},
        error: response => // do stuff to handle error
      });
  }
}
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Back in our AppComponent we can fetch it in the ngOnInit hook.

app.component.ts

export class AppComponent implements OnInit {
  state$ = this.customersStore.stateChanged;

  constructor(private customersStore: CustomersStore) {}

  ngOnInit(): void {
    this.getCustomerData();
  }

  getCustomerData(): void {
    this.customersStore.fetchData();
  }
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I try to avoid putting logic directly in lifecycle hooks. I think it makes unit tests easier to write and the code easier to read.

Now our console output looks like this:

Image description

Great, but what about updating the state with new customers?

Let's take a look!

We should probably display our customers in its own component to keep our components nice and single-minded.

Let's update the AppComponent's html to pass the state to our new component:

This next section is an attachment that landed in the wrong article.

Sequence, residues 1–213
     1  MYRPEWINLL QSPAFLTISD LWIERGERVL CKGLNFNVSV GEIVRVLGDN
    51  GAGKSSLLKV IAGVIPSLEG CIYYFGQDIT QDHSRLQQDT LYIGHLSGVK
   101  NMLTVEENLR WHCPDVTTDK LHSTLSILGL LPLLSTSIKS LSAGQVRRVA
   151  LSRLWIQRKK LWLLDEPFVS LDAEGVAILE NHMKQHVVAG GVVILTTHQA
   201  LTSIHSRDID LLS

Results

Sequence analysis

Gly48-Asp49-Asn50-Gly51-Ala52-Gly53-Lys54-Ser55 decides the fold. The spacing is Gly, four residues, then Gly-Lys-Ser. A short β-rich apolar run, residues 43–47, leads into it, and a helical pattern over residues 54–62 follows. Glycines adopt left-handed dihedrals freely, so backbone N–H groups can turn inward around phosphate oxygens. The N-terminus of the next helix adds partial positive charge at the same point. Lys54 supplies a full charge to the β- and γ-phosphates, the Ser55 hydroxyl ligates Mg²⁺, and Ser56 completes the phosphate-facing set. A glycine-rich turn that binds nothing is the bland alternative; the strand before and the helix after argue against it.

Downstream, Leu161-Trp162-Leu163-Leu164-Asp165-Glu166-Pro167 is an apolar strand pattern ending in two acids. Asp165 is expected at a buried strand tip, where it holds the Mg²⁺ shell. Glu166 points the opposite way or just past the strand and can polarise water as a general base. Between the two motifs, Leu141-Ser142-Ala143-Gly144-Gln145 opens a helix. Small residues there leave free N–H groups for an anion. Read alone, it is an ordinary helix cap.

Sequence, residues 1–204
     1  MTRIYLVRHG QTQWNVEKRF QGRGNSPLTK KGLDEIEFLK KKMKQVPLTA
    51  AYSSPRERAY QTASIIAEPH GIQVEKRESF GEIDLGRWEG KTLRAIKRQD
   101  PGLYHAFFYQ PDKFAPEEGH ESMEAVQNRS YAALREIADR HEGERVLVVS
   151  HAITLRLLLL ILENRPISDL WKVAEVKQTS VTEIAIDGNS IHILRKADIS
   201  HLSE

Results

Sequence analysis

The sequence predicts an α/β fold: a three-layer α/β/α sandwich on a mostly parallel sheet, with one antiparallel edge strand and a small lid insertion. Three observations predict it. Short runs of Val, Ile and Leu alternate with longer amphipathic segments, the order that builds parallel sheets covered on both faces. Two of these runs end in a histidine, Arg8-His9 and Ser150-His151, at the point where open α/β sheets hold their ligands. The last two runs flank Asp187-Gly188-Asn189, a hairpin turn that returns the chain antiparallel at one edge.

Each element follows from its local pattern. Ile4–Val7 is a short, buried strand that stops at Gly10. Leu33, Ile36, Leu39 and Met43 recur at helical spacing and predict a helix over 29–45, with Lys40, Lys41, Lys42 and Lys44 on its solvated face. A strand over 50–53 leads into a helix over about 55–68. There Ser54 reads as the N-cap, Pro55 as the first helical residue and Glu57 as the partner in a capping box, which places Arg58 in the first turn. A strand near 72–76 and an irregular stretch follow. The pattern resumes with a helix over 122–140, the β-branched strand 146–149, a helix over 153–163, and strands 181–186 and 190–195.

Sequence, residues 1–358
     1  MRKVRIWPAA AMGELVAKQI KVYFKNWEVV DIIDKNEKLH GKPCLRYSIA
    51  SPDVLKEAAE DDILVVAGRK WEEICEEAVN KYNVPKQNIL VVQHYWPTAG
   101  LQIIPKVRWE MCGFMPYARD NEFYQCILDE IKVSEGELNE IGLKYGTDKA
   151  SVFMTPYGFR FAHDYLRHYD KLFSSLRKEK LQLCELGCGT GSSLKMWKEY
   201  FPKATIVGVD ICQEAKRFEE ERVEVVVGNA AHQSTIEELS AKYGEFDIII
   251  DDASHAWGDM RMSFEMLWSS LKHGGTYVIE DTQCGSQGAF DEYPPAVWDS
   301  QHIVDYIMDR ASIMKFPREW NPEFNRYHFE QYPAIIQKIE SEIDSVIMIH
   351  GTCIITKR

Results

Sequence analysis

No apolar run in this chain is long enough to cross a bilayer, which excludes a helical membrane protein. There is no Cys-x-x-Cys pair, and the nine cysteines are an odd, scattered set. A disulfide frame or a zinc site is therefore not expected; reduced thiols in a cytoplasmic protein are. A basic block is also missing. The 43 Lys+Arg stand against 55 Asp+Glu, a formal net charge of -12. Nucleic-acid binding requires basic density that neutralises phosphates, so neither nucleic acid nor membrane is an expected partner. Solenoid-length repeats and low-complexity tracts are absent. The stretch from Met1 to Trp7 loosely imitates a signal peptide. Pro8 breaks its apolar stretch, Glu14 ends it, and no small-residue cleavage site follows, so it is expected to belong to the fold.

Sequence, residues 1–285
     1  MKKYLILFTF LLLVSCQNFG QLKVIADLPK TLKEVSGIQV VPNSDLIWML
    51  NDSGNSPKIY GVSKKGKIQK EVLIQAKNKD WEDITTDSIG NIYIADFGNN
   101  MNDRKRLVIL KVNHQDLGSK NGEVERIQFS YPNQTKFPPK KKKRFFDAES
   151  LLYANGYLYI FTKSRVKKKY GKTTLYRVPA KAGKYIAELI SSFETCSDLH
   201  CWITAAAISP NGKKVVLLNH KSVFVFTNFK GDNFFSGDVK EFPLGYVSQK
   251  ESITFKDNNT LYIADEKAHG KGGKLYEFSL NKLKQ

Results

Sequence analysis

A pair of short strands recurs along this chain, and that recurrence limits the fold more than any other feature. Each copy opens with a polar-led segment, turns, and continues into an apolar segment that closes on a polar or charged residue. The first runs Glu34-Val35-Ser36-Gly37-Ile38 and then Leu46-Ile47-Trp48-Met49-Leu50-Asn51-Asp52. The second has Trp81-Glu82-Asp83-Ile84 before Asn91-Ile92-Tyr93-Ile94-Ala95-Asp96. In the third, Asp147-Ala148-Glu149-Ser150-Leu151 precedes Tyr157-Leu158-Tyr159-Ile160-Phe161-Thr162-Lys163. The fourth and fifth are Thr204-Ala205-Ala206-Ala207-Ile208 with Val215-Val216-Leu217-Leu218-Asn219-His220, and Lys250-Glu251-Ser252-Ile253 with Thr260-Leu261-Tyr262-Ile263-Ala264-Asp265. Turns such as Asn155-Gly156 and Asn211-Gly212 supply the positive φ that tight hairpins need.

app.component.html

<div *ngIf="state$ | async as state">
    <app-customers [state]="state"></app-customers>
</div>
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customers.component.ts

export class CustomersComponent implements OnChanges {
  @Input() state: StoreStateModel = { customers: [], addMode: false };
  customersData: CustomerModel[] = [];
  customersStore: CustomersStore;
  displayedColumns: string[] = ['id', 'firstName', 'lastName', 'phone', 'email', 'memberSince', 'delete'];

  constructor(customersStore: CustomersStore) {
    this.customersStore = customersStore;
  }

  ngOnChanges(changes: SimpleChanges): void {
    const stateChanges = changes['state'];
    if (stateChanges && stateChanges.currentValue) {
      this.customersData = stateChanges.currentValue.customers;
    }
  }
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Our customersStore was injected as a public property so we can directly call initAddMode() in the html.

customers.component.html

<!-- a table or something to display the data -->

<button
    class="addBtn"
    (click)="customersStore.initAddMode()"
    [disabled]="state.addMode">
    Add
</button>
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customers-store.ts

initAddMode(): void {
  const state = this.getState();

  const updatedState = {
    ...state,
    addMode: true
  };

  this.setState(updatedState, 'INIT_ADD_MODE');
}
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Let's assume you have another component AddCustomerComponent and you have its selector in the CustomersComponent's html: